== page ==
Shelter From the Storm - A Ghost Story for Christmas, страница 1
Shelter from the Storm
© 2013 Barrymore Tebbs. All rights reserved.
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Cover graphic: Barrymore Tebbs
Some years ago while traveling home on Christmas Eve I lost my way on an unfamiliar road in the wild and wintry night. I don’t know how I strayed so far from the highway, but the night was black and nothing in the beams of my headlights appeared familiar to me. The hypnotic onslaught of snow and rain lulled me into a trance. It was a dirty night for traveling. I had not been home for Christmas in several years and so had little choice but to plunge headlong into the storm.
Just as I began to fear I had become hopelessly lost, the headlights revealed a white wooden mailbox mounted on a post at the side of the road. I seized the opportunity to turn around in the entrance to the drive, but no sooner had I shifted the Roadmaster into reverse than I felt the rear end of the car being dragged down from behind. I gunned the engine to no avail. The back end slid further into a gully until it was sucked into the mire.
I stepped from the car, the collar of my coat turned up against the frigid blast. The Buick perched at a precarious angle. The ditch was a mass of slop, the chilling rain eager to coat it with a frosty glaze. I could not hope to push the car out of the ditch by myself.
I stood in the beams of the headlights, looking to my left and to my right as if expecting someone to magically appear. Tonight of all nights I refused to hunker down in the front seat of the Buick. I read the name of Baldwin on the mailbox. With luck, the family would be at home and I might perhaps persuade an able bodied man or two to help me push the Buick out of the ditch. I shut off the car lights and was plunged into blackest night. I tucked my chin against the icy wind and headed up the drive.
Within a few moments I saw the lights of the house. As I drew closer, squinting against the stinging pellets of rain which struck my face, I saw that each window contained a lighted candle, welcoming and cheerful. Thunder cracked overhead and I hurried up the steps to the veranda.
I listened at the door for some sign of life within, but all I heard was the racing wind as it whipped around the eaves of the house. I had no idea of the lateness of the hour, but surely the residents had not yet gone to bed with candles burning at every window. I pushed the button at the side of the door. A brilliant ring sounded from deep inside the house. I peered through the beveled glass at one side of the door and waited. Presently, I saw movement. I patted down my hair, certain I must look a fright after only a few minutes exposed to the elements.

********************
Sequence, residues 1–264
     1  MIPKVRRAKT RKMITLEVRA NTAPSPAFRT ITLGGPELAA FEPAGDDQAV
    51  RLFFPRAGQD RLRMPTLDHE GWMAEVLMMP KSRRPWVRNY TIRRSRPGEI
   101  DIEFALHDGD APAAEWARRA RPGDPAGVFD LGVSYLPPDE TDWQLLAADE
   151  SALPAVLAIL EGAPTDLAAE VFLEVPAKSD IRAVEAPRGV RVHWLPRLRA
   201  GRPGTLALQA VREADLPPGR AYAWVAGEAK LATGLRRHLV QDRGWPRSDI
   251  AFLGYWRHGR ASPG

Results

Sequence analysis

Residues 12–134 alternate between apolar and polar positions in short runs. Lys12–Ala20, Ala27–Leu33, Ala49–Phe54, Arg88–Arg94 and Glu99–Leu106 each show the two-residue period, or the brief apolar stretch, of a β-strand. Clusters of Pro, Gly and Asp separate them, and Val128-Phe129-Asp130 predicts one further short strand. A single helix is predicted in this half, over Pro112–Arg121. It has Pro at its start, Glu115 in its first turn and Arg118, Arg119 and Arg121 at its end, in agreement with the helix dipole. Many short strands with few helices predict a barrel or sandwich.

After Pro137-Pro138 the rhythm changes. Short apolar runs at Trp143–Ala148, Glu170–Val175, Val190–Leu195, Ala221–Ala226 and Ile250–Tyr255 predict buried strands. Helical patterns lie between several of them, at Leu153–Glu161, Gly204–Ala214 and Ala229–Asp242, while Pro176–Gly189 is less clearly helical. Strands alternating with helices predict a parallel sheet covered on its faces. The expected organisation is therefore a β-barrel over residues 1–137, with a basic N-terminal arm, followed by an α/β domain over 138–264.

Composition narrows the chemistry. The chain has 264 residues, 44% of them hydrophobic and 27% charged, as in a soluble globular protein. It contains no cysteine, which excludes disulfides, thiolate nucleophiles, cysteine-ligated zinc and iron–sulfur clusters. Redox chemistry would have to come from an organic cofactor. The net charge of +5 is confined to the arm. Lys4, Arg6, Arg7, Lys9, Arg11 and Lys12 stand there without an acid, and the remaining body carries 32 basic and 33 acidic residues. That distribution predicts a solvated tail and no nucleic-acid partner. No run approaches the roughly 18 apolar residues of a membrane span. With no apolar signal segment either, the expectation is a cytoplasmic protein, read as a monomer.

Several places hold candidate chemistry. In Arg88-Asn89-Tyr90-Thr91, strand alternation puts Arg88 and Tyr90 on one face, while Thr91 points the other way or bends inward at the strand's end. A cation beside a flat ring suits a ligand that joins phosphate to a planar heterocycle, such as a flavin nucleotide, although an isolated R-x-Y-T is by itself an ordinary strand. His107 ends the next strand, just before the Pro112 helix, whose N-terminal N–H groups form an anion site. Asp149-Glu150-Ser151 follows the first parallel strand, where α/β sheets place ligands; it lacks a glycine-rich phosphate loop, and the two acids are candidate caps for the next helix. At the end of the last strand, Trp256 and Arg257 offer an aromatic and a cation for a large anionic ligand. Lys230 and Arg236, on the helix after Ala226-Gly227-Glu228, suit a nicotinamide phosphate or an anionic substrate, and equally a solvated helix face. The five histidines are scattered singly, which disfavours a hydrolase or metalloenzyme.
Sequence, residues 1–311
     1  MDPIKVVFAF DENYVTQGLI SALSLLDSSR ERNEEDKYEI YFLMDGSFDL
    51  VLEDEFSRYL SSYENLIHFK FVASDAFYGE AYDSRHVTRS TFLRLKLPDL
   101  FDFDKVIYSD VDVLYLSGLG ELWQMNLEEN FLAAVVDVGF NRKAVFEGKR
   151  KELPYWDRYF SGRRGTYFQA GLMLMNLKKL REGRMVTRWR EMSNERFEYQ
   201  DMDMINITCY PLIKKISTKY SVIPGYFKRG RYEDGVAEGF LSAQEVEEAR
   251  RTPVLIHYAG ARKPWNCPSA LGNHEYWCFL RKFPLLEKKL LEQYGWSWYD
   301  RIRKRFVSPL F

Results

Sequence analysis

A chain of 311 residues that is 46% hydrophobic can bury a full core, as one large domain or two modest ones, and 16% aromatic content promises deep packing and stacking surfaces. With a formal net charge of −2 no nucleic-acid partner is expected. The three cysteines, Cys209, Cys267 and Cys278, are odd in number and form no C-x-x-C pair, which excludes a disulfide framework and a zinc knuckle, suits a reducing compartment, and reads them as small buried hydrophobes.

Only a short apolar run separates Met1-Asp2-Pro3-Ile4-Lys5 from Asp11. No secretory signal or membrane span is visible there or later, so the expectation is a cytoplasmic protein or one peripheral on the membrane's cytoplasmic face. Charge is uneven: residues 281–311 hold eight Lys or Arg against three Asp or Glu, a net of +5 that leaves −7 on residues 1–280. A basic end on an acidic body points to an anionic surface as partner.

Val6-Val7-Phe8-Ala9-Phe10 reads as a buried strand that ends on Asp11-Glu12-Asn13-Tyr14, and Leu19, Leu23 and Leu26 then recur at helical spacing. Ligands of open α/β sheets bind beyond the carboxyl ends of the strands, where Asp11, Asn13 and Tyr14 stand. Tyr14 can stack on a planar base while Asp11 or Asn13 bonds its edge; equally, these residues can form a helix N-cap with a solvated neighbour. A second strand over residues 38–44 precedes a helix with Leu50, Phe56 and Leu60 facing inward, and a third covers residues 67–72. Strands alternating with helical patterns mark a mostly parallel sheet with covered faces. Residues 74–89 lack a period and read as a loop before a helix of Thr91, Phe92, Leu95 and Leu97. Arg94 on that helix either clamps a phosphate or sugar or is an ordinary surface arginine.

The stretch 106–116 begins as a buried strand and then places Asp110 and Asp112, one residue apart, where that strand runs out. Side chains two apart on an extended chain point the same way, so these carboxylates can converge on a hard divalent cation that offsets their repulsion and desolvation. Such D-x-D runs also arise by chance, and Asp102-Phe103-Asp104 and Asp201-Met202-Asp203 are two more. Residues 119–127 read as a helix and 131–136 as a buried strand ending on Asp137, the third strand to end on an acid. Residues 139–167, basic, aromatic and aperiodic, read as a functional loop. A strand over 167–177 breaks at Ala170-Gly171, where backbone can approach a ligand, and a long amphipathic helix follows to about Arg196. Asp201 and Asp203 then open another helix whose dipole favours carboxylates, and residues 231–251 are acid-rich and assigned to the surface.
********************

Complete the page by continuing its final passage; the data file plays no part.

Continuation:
The door opened. A warm glow silhouetted a woman of slender frame and medium height. The woman’s hands flew to her cheeks, and in a shrill voice she squealed, “Mama, it’s Hoyt! Hoyt’s here!”
I raised my hands in protest but before I could interrupt her outburst, a second woman, smaller but just as frail, toddled into the foyer.
“Jesus have mercy,” Mama said. “Don’t just stand there, Violet – invite him in. We’ve been worried half to death about you. Only a fool would venture out on a night like this.”
I stepped inside. Violet shut the door against the chill and Mama lifted her delicate hands to touch my face.
“I’m afraid there has been some mistake,” I said. “My name is Walter Spradlin.”
Mama eyed me up and down. “Of course it is,” she said. “Violet, he looks nothing like Hoyt. This man is not as tall and is bigger boned. His hair is dark. Our Hoyt is trim and lean, and has a head of thick auburn hair.” She spoke to Violet as if she were a simple child, but from what I could see in the dim light, Violet was at least fifty years of age and Mama well into her seventies. “Lord, but it’s a wicked night. The roads must be treacherous. I hope Hoyt makes it home safely. Violet, take Mr. Spradlin’s coat. I am Amanda Baldwin and this unfortunate creature is my daughter, Violet.”
“I don’t want to put you to any trouble,” I said. “My car went off the road into a ditch at the end of the lane. Perhaps Hoyt will be able to help me push it out when he arrives.”